The 1970’s were a time of upheaval and change in America. While some show runners were content to present the status quo to the audience, Norman Lear knew that America needed to see itself reflected on the small screen.
After the monumental success of All In The Family, Lear knew that it was time for a spin-off. The Bunker’s neighbors, George and Louise Jefferson were taken out of working class Queens and into a Manhattan high-rise. Titled The Jeffersons, George and Louise now have live in maid, Florence (Marla Gibbs), who loves nothing more than to torment her male employer. The Jefferson’s neighbor’s Helen and Tom Willis (Roxie Roker and Franklin Cover) are an interracial couple, which was unique for television at that time. Add in Harry Bentley (Paul Benedict), another neighbor, whose roots are across the pond and a relationship between the Jefferson’s son and the Willis’s daughter and you have the future of America reflected on television.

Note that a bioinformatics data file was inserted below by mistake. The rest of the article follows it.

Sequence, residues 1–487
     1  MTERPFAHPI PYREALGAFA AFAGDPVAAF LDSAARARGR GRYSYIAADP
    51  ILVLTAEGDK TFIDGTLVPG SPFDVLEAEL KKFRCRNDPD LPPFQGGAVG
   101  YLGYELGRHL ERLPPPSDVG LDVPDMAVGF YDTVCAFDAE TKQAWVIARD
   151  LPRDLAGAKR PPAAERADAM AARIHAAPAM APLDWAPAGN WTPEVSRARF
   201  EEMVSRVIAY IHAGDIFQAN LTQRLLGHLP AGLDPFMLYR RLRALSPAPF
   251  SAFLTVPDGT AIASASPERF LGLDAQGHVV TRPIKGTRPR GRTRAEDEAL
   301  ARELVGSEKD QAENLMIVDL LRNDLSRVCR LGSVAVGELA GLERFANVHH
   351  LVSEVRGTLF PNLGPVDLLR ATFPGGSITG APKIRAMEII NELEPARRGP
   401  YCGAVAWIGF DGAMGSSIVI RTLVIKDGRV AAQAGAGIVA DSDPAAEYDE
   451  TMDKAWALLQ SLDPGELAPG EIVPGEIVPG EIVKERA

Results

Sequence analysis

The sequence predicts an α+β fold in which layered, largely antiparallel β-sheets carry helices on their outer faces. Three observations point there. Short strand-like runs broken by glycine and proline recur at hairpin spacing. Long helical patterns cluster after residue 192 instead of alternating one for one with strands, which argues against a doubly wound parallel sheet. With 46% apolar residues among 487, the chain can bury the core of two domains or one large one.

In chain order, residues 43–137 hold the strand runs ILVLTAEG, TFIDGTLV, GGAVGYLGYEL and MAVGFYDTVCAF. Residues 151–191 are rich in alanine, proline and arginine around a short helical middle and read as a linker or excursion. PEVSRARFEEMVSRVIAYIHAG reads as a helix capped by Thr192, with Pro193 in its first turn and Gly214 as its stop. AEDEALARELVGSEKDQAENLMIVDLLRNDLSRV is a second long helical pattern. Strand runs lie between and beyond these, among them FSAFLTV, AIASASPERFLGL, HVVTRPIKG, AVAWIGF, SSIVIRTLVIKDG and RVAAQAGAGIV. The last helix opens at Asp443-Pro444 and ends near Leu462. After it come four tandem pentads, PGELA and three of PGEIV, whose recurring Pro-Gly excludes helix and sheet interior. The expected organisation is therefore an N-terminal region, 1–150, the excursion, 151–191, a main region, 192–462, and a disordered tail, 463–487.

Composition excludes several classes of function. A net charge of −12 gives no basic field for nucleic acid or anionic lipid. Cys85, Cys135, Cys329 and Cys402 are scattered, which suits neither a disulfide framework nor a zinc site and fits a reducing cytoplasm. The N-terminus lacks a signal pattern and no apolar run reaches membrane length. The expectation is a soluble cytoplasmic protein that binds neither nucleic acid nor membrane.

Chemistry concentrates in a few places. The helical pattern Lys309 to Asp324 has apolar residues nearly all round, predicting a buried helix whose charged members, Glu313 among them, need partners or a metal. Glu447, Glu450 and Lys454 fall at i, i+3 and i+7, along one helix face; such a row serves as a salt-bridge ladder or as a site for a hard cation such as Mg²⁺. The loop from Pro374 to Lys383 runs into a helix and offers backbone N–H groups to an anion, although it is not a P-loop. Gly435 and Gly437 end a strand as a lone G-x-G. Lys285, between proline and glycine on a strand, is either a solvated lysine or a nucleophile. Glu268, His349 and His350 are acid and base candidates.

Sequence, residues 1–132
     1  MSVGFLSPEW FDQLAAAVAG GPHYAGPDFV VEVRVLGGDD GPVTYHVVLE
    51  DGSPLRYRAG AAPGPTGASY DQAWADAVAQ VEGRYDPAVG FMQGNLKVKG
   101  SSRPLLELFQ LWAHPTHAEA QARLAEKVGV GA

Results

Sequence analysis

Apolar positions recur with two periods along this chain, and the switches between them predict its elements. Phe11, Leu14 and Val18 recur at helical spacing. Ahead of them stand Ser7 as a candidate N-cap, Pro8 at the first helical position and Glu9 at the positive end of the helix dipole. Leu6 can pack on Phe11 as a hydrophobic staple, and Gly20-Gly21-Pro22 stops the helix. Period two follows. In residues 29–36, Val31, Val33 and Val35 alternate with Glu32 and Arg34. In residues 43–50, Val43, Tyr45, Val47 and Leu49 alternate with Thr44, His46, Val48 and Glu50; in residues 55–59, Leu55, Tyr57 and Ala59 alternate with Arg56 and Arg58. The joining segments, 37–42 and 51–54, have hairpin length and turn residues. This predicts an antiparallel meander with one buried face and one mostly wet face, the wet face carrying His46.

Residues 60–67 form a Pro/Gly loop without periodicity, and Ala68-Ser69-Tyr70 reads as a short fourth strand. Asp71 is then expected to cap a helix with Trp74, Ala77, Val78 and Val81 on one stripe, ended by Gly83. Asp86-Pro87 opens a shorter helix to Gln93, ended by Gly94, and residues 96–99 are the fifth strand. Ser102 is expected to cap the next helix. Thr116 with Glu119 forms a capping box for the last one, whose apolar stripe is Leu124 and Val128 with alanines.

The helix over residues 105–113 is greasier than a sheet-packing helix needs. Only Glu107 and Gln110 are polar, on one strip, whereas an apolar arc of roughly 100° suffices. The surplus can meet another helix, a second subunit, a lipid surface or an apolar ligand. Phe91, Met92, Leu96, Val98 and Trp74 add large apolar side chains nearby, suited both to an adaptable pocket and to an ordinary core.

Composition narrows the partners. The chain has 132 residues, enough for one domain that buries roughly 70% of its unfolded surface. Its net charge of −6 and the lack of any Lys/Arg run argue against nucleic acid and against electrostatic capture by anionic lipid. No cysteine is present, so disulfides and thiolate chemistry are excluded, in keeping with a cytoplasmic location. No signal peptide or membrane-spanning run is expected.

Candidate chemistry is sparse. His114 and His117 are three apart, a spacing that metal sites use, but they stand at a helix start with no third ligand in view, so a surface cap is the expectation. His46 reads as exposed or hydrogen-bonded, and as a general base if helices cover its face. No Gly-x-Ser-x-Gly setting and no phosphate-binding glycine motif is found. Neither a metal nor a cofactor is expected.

Like it’s predecessor, The Jeffersons was funny, controversial at times and forced the audience to not only look at the world around them, but accept that the world was changing.
I recommend it.
The early 20th century was a historical game changer. New immigrants were entering America by the millions, disenfranchised minorities were fighting against the prejudice that kept them down and the social ruling class were trying to deal with the changes that were becoming obvious.
In 1975, E.L. Doctorow published Ragtime, a novel based around three different families living in America in the years leading up to World War I. Intertwining fictional characters with the real life events and personalities, the novel bring to life the era in brilliant color and sound.
In 1981, the book was made into a film. Tateh (Mandy Patinkin) is a Jewish widower who has recently immigrated from Eastern Europe with his daughter, hoping for a better life. Mother (Mary Steenburgen) is the matriarch of an upper middle class WASP family. Coalhouse Walker Jr (Howard E Rollins Jr) is an African-American fighting against the injustice of the era while trying to win back his ex/mother of his child, Sarah (Debbie Allen).
The danger of a story like Ragtime, with a large cast of characters and multiple story lines running concurrently is that the reader/viewer can easily get lost. But not this story. Times may have changed, but human beings are still human beings. Which is exactly why this movie still holds up after more than 30 years.
I recommend it.